First of all, how are you and your family doing in these COVID-19 times?
Jay Hsueh: Thanks for asking! We are all doing quite well, considering everything. I am very fortunate that none of my immediate family has been afflicted with COVID-19.
My fiancé and I even got married this fall!
Tell us about you, your career, how you founded Roby.
Jay Hsueh: I started my career as an NXP semiconductor engineer in advanced circuit design after graduating from the University of Southern California with an MSEE degree. From there, I founded a consulting platform focused primarily on serving companies looking to incorporate AI into their business, which created the first kernel of Roby.
In 2018 we began working with our first major client, Alerton Honeywell and joined the Techstar Seattle program. We were inspired by the idea that we could use data to strike a balance between employee comfort and operational efficiency. Thus, Roby was born!
How does Roby innovate?
Jay Hsueh: At Roby, we hold our core values above all else, be transparent, focus on lessons learned, and communicate with data.
These values are high-level guidelines for the way we innovate at Roby, and keeping them constant has made us extremely flexible and quick to adapt to change. It takes time and effort to implement a solid culture but, for us, starting with a simple foundation of data before introducing new complexities has allowed innovations to be embedded at scale into our daily business operations.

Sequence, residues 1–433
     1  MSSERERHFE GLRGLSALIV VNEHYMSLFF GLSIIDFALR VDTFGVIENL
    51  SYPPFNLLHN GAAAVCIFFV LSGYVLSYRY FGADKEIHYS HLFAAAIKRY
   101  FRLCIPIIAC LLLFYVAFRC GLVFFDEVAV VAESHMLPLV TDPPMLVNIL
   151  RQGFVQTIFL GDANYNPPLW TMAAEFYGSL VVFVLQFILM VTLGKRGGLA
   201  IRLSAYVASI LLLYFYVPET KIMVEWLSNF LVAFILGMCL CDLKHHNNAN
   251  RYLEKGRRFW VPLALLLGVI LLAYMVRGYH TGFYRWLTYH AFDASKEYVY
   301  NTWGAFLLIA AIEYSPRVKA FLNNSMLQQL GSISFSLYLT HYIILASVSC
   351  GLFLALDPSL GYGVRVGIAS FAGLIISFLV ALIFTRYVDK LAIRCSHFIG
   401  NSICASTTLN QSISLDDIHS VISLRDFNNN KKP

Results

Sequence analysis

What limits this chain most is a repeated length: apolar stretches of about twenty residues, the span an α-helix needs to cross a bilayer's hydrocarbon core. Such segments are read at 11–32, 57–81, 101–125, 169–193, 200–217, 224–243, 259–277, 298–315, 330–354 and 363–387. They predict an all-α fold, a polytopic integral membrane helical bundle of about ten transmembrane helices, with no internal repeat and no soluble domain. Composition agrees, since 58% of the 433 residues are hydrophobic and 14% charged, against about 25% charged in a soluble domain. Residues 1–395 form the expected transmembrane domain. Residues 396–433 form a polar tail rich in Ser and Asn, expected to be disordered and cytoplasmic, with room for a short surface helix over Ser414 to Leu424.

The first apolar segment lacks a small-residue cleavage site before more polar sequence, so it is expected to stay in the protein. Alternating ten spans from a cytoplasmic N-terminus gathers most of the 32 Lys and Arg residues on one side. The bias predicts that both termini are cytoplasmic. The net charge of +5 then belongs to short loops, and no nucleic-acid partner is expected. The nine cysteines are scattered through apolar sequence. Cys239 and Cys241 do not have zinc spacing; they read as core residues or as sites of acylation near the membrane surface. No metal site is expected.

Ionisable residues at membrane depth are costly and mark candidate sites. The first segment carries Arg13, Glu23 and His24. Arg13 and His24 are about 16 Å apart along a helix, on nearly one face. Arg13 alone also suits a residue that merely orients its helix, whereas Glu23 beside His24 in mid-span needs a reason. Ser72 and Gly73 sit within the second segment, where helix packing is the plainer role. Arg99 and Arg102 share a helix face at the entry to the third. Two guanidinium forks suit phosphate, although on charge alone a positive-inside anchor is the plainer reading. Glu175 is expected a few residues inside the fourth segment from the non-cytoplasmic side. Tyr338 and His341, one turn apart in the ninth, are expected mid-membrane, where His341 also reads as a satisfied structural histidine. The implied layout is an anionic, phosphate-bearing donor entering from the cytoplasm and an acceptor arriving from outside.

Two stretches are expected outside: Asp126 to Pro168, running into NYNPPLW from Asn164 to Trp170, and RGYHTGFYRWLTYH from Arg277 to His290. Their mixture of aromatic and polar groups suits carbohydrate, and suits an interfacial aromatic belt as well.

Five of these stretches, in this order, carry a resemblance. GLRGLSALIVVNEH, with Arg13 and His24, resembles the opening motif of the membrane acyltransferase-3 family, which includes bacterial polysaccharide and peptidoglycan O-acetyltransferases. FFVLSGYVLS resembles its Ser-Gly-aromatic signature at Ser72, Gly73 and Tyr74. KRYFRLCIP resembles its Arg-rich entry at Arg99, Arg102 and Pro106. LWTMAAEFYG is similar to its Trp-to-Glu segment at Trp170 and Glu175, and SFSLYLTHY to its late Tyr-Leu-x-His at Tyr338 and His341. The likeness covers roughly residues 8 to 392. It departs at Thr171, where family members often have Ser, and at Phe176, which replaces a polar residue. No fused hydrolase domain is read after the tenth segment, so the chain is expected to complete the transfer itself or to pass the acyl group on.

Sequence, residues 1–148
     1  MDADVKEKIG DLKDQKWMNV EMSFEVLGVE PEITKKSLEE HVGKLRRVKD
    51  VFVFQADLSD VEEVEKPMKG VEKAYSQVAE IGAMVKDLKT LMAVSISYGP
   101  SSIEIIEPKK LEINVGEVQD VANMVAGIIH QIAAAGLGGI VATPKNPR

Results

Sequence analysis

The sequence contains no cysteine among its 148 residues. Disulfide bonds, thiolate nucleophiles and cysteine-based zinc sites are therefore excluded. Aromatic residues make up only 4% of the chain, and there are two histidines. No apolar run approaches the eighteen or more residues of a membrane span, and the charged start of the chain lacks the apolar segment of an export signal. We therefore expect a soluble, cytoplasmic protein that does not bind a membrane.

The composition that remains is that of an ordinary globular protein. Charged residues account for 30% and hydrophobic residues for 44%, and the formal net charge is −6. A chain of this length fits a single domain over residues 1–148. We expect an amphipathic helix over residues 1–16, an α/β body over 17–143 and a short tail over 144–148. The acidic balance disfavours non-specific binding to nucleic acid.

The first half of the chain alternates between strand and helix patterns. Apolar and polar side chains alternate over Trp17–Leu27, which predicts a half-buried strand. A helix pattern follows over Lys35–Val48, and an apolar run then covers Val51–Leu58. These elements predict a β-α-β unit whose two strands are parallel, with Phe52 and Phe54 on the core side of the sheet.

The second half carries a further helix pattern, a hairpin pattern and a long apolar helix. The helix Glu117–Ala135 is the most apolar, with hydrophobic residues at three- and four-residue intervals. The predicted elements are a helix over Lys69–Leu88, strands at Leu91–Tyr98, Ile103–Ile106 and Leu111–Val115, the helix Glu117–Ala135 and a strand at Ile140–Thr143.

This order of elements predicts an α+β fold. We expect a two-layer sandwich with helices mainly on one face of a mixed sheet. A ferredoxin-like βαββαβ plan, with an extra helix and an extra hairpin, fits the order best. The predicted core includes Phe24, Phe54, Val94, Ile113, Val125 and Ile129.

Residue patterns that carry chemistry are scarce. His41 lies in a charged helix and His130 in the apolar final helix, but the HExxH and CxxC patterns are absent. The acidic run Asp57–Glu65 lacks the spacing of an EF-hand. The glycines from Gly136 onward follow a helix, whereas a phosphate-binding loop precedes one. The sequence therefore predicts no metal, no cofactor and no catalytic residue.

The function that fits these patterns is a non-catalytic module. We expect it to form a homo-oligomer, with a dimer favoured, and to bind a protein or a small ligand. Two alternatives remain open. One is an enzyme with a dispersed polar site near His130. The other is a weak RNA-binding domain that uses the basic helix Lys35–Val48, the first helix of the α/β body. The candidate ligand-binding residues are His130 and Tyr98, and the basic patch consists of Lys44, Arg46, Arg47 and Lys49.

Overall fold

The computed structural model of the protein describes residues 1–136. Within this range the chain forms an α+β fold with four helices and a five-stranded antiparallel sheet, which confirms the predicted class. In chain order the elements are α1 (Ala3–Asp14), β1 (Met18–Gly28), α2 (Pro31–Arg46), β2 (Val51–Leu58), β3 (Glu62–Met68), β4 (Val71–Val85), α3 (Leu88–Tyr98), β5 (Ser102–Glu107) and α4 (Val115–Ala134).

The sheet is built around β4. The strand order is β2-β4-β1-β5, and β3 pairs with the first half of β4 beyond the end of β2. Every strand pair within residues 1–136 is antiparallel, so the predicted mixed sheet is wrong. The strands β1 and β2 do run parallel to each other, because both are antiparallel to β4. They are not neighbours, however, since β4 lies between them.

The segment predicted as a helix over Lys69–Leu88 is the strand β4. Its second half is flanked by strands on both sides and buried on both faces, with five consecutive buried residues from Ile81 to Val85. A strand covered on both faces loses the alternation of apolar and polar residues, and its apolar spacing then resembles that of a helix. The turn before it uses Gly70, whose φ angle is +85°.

How the coronavirus pandemic affects your business, and how are you coping?
Jay Hsueh: The pandemic has been a driver and catalyst for our business. We knew we’d be in trouble if we didn’t take immediate action by pivoting our product direction to focus on remote and hybrid teams.
Since we decided to pivot in April, we’ve been able to raise funding, grow our team, and develop exciting new features better suited to the market’s changing needs, like integrating with Slack and Microsoft Team to simplify internal support for distributed teams and connecting Roby with building automation systems to create touchless office solutions.
Did you have to make difficult choices, and what are the lessons learned?
Jay Hsueh: In the beginning, I was not good at having hard conversations. In fact, I tended to avoid these conversations as much as possible. Unfortunately, my fear of conflict was the biggest barrier to implementing all the changes mentioned above.
For example, I was fearful to inform people that they are no longer a part of the decision-making process or that we had to move on from a project they were passionate about. A similar scenario happened with investors, too, as we had to say no to some inapplicable advice.
To overcome this problem, I now find it useful to communicate with data. When communicating with numbers, it takes a lot of emotional burden off my shoulders and helps me focus on what is best for the company, rather than on individual feelings. After implementing this, making difficult decisions became much more efficient as both parties understood it was about the company’s direction. We are now better able to speak to a solution instead of simply debating the problem.
How do you deal with stress and anxiety? How do you project yourself and Roby in the future?
Jay Hsueh: I handle the pressure by continuously reviewing data to get an objective view of the situation. Roby will be the leader of workplace innovation by helping people in the world work safely and more efficiently.
Jay Hsueh: Although 2020 has thrown some unforeseen obstacles in our path, it’s also created an opportunity for us to make a lasting impact on the workplace. With every new challenge comes the chance to look critically at the old way of doing things and build lasting, innovative solutions to transform the way we work.
I’m excited for what’s ahead and look forward to learning more from this startup journey.